Hex Gaming Rival controller review: "A little too close to the Edge"

Hex Rival Pro controller
(Image: © Future)

GamesRadar+ Verdict

The Hex Rival Pro PS5 controller is an excellent gamepad in its own right, offering four additional back paddles and a snappy set of short triggers. However, with the DualSense Edge offering far more for just $20 more, many will struggle to get the best value for money here.

Pros

  • +

    Four back button attachments

  • +

    Speedy short triggers

  • +

    Premium feel and build quality

Cons

  • -

    Value for money doesn't hold up against Edge

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The world of PS5 controllers is slowly expanding, and one of the latest models to throw its thumbsticks into the ring is the Hexa Gaming Rival. Built off a standard DualSense, the customizable controller offers four additional back buttons to remap, short triggers, and a plethora of designs to create. At $179.99, though, the Rival is going to have to live up to its name if it's going to take on the upcoming DualSense Edge. We put the no-quite-pro gamepad to the test over the course of four weeks, to see just where it sits among the best PS5 controllers on the market.

Design

Hex Rival Pro controller

(Image credit: Future)

Like the Scuf Reflex, the Hex Rival wears its customization on its face with a range of different designs to choose from before ordering. Of course, there's the classic DualSense black and white, but you'll also find camo, floral, and galaxy-themed colorways among the options listed on Hex's site. You don't have the specific color-picking options of the Scuf range here, though, so you're limited to the designs Hex has created.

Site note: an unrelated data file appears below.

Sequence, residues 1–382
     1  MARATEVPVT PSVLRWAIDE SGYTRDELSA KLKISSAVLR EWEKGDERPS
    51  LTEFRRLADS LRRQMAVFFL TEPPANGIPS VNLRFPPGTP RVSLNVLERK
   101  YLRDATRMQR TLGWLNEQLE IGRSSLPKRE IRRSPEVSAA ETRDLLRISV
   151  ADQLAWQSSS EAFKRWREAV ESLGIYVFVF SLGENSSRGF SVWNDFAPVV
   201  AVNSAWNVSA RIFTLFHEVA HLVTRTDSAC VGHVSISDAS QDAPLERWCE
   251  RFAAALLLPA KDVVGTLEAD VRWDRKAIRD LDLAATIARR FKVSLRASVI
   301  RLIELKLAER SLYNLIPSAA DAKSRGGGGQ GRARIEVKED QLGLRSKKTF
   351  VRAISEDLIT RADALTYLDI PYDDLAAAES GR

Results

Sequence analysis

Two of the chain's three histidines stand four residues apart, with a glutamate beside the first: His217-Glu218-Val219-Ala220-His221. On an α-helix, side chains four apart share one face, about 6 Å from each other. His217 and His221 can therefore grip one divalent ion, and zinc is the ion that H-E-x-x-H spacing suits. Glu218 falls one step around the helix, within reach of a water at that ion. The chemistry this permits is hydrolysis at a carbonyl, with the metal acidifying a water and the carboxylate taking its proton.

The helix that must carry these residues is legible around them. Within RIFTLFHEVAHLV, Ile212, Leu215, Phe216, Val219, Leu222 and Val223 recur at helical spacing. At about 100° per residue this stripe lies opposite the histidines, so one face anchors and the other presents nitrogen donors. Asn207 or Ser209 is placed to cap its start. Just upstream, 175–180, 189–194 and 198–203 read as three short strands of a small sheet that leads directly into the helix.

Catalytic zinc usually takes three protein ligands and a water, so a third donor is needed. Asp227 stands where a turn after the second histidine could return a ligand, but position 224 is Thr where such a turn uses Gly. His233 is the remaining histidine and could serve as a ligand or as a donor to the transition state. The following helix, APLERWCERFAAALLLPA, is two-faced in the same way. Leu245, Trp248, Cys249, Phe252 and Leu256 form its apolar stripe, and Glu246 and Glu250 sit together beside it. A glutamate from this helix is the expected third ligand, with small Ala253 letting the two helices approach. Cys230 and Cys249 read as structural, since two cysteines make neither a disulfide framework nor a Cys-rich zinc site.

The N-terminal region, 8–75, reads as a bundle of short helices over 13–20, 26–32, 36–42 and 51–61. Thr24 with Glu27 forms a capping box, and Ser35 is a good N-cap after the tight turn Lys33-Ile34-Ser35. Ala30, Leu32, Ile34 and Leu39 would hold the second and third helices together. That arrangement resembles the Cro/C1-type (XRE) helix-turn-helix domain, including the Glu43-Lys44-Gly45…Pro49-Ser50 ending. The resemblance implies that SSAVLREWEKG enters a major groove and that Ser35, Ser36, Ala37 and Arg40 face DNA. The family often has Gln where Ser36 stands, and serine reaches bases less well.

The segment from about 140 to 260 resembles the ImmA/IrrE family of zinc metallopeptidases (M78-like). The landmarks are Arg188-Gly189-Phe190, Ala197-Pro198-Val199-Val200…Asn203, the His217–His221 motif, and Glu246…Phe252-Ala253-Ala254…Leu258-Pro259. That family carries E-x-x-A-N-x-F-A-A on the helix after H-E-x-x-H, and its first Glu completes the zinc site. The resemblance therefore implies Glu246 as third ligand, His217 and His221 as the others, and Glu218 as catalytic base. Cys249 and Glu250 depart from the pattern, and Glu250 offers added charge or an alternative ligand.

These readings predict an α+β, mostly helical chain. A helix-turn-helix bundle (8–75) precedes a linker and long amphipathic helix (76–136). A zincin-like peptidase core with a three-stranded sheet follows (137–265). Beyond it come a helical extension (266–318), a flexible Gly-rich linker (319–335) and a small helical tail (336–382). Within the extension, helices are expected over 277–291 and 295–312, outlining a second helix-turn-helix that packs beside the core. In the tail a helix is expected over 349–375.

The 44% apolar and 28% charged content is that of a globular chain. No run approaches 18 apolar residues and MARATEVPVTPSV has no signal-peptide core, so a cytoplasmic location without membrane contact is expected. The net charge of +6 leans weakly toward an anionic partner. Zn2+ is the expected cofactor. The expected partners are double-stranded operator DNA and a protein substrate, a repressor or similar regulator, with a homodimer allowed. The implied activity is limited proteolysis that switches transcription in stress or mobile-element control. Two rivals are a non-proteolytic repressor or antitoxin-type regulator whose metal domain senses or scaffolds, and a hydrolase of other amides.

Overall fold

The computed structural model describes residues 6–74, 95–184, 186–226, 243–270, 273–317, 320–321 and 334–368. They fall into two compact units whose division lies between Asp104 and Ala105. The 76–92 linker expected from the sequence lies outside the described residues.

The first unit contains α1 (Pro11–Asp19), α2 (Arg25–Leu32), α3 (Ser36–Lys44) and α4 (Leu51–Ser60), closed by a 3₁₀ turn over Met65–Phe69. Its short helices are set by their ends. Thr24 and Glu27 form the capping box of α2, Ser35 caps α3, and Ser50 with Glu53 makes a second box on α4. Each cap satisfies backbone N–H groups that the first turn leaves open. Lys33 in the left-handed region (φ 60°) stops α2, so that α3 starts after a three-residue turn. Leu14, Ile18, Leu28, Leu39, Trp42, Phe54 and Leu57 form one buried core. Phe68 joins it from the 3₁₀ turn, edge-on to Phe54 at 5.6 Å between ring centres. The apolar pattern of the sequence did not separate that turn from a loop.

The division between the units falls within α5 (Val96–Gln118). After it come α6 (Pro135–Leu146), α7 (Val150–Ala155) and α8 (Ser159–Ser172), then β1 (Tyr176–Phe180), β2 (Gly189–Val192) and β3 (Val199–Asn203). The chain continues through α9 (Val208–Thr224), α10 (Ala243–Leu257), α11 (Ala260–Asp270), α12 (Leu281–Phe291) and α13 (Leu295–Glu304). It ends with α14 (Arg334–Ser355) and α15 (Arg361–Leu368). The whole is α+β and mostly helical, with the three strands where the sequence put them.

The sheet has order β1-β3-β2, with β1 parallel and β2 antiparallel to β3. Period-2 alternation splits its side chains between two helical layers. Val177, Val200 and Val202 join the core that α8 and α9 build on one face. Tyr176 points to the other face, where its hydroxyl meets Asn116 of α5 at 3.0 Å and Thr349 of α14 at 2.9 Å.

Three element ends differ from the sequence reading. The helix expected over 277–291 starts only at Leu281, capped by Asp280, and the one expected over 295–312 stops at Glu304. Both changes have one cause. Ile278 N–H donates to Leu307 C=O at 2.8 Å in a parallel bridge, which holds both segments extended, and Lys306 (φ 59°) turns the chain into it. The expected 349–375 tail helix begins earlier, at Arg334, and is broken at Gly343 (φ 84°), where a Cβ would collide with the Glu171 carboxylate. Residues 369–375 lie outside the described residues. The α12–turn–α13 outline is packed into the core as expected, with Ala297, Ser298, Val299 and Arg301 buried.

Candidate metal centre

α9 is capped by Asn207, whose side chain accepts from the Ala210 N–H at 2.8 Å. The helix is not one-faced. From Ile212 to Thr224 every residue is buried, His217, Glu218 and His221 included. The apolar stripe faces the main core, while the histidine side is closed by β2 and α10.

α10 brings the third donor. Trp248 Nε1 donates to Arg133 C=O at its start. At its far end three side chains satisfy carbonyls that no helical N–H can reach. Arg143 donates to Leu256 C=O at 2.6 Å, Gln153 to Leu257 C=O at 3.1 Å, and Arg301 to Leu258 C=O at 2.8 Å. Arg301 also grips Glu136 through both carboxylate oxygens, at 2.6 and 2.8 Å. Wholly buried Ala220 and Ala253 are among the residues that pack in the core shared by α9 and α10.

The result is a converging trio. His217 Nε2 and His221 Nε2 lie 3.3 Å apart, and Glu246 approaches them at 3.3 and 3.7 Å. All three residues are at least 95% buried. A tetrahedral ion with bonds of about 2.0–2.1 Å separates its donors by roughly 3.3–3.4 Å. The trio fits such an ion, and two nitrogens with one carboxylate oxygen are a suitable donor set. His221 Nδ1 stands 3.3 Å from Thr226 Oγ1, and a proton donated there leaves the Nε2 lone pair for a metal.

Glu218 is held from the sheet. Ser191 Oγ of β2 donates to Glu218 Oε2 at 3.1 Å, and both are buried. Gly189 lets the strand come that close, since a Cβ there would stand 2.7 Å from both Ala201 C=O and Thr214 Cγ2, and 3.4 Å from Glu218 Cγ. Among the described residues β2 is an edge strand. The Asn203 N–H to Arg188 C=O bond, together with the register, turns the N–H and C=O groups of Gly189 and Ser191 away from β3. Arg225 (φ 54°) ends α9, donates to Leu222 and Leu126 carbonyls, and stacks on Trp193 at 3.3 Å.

We received the FlashShot design with a matte black body and shiny metallic accents around the thumbsticks and buttons. Would I personally have preferred a different design? Yes, but everything feels solid in its construction and if you're a fan of the shinier side of gaming accessories, you'll feel right at home here. The matte body feels excellent underhand, especially thanks to the additional grips placed along the back of the main handles. Meanwhile, the metallic gold sections didn't smudge or hold fingerprints nearly as much as I was expecting them to. 

Hex Rival Pro controller back buttons

(Image credit: Future)

Around the back, you'll find an Iron-Man esque panel attached with four remappable buttons and a center button used for setting and forgetting your configurations. The only other difference from a standard DualSense controller lies in the home button, which sports the Hex logo instead of Sony's own seal. 

Features

The main feature of the Hex Rival sits on the back, a set of remappable controls is formed of two back paddles and two back buttons on a raised plate. The paddles are well-placed for comfortable use, though with smaller hands I did have to adjust my grip to hit the flush buttons underneath them. Thankfully they do hold a fairly light actuation, so I was able to just nudge the corner of them to trigger, but I didn't feel as confident in more intense sessions as I would be with the more graduated design of the Scuf. 

Hex Rival Pro controller

(Image credit: Future)

The back buttons offer your only form of customization. There's no thumbstick deadzone or sensitivity settings, and triggers are locked into a very short, eSports-focused actuation point. That means you're dropping the adaptive feedback functionality of the DualSense itself.  And this is where things get sticky.